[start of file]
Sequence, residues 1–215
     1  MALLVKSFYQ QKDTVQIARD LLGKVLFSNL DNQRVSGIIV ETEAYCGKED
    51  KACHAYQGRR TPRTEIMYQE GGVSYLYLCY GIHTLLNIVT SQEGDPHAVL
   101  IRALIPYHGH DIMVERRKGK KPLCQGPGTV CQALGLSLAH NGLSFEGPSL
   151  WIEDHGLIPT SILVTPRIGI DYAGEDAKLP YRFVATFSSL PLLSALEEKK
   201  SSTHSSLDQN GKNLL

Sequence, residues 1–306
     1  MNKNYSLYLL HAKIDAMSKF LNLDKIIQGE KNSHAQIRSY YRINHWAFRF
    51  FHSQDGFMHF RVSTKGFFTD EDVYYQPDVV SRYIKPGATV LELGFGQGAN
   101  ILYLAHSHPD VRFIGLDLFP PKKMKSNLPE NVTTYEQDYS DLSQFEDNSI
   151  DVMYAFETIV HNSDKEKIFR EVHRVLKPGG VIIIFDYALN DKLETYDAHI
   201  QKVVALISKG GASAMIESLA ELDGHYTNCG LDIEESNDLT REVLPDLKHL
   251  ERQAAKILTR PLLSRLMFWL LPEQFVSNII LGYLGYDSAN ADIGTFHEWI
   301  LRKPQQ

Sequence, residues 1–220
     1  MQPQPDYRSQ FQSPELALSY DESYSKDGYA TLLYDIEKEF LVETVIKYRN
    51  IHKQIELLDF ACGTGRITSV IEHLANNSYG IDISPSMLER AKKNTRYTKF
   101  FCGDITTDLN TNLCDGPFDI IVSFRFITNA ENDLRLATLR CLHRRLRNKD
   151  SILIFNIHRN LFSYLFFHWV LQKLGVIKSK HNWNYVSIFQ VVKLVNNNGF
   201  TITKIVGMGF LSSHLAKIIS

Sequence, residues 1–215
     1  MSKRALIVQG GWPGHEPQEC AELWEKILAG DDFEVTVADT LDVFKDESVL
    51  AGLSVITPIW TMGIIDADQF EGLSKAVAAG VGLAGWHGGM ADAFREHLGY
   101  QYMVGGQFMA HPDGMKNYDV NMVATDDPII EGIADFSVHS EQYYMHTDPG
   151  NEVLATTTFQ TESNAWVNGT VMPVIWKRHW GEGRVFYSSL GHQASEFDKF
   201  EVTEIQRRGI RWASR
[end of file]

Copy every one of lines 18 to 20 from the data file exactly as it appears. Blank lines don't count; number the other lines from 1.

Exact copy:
   101  FCGDITTDLN TNLCDGPFDI IVSFRFITNA ENDLRLATLR CLHRRLRNKD
   151  SILIFNIHRN LFSYLFFHWV LQKLGVIKSK HNWNYVSIFQ VVKLVNNNGF
   201  TITKIVGMGF LSSHLAKIIS